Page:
Process

Making the Art

A finished work of art is the final stage of a long journey. Traditional woodcarving takes a specialized set of skills that involves cultural, technical and creative knowledge. 

Cultural Skills

Artists learn traditional knowledge from many sources, often from family, community members and peers. Additional knowledge may come from specialized art schools, coastal carving events, formal and informal mentorships, and research into west coast art collections in museums.

From Start to Finish

Step 1. Conceptualizing

Once an idea has been conceptualized, the artist might begin preparing material or might instead start on a drawing. Traditional artists are inspired by the teachings of their culture, their observations of the world, the materials they use, and the work of other artists.

Salmon design

Whale fin design

Thunderbird design

Step 2. Preparation

Once a piece of material has been selected it needs to be brought to the carving site where its basic shape is roughed out. During this time the artist decides how best to 'engineer' the cuts to stabilize the material, makes sure the piece is symmetrical and flat where needed, prepares the approach for carving, and starts to manage the drying process. 

Removal by chainsaw

Manoeuvring material

Removal by Chainsaw

Using the hoist

Moving the material

Levelling the surface

Step 3. Blocking

The design is transferred onto the material with a pencil and a chainsaw is used to block out/rough out the basic shape of the design. As the project progresses the artist will re-transfer the design several times and continue carving it down until it's time to use hand tools for finer work.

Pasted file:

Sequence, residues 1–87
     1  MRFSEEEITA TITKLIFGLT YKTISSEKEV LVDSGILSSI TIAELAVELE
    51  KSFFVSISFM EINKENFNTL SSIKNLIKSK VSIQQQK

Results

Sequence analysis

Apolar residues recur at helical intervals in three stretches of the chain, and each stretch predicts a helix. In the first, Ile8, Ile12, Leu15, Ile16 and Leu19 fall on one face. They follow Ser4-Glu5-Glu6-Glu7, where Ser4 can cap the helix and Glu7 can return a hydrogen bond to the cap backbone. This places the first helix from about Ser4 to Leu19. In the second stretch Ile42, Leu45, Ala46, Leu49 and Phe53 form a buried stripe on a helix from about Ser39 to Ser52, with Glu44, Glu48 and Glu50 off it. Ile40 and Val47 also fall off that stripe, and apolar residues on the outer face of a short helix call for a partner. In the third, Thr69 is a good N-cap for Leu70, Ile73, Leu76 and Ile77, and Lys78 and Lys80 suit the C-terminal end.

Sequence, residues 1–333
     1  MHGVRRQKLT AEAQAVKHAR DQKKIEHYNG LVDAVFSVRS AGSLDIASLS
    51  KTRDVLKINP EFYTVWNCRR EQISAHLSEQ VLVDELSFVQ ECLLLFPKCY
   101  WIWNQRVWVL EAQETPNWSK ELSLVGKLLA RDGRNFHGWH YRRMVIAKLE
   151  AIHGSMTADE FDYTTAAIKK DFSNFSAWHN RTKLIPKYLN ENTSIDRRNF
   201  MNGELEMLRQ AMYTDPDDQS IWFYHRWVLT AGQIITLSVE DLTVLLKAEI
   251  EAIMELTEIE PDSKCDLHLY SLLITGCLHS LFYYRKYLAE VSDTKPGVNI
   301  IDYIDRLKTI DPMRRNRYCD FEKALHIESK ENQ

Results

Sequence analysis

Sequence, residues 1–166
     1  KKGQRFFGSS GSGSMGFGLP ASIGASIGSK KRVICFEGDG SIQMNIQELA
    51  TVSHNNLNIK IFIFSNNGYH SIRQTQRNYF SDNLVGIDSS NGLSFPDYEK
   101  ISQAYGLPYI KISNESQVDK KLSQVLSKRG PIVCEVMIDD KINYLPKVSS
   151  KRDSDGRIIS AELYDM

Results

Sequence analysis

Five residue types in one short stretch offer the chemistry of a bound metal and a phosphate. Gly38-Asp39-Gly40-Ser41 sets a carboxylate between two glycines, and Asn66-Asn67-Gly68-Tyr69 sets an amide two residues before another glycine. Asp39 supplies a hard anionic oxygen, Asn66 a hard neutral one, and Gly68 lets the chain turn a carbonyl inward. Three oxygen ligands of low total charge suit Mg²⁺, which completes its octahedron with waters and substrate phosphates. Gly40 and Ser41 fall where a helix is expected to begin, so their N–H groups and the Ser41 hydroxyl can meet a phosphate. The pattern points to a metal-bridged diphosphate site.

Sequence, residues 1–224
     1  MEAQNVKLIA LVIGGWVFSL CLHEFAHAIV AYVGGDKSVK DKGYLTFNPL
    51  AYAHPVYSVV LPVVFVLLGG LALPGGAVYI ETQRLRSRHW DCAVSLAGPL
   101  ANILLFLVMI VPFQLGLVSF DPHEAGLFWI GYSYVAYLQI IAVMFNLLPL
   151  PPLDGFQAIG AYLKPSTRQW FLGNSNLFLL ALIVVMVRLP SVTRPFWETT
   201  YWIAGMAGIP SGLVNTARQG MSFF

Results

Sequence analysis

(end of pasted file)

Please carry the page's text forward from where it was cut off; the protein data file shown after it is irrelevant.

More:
Seawolf design

Seawolf design

Bear design

Thunderbird design

Eagle design

Thunderbird design

Step 4. Carving

Traditional carving tools such as adzes, chisels and knives are used to refine the shape. This stage is done by hand and the process is gradual as the design becomes more and more refined. The final 20% of the project can take up the same amount of time as the first 80%. During this time the artist continues to control the drying process and make adjustments to accommodate the changing needs of the material.

Seawolf design

Westerly Wind design

Eagles design

Kingfisher design

Eagle design

Thunderbird design

Step 5. Finishing

The surface of each piece is either sanded, 'blade' finished, or a combination of the two. A blade finish is a textured surface made by creating multiple even blade cuts in a pattern. Paint choice and application is influenced by the artist's personal tastes and cultural tradition. The art might be left unpainted, highlighted, or fully coated with paint. Painting takes multiple coats to ensure a smooth, even application and crisp edges of the lines.

Eagles design

Raven design

Wolf design

Seawolf design

Eagle design

Seagull design

Step 6. Oiling

A sealer is applied to protect the material, bring out colours and increase visibility of the grain. Any excess is wiped away so it doesn't pool. The effect is transformative.

Seagull wing design

Eagles design

Whale/wolf design

Westerly Wind design

Bear design

Salmon design